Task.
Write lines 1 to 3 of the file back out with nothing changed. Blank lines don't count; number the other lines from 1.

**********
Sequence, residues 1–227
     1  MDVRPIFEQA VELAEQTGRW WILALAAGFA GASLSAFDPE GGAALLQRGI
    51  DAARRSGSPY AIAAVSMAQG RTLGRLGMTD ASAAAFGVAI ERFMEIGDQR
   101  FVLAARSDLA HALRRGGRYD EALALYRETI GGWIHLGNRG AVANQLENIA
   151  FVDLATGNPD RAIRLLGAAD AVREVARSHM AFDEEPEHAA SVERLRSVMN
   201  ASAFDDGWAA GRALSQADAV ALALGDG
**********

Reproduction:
Sequence, residues 1–227
     1  MDVRPIFEQA VELAEQTGRW WILALAAGFA GASLSAFDPE GGAALLQRGI
    51  DAARRSGSPY AIAAVSMAQG RTLGRLGMTD ASAAAFGVAI ERFMEIGDQR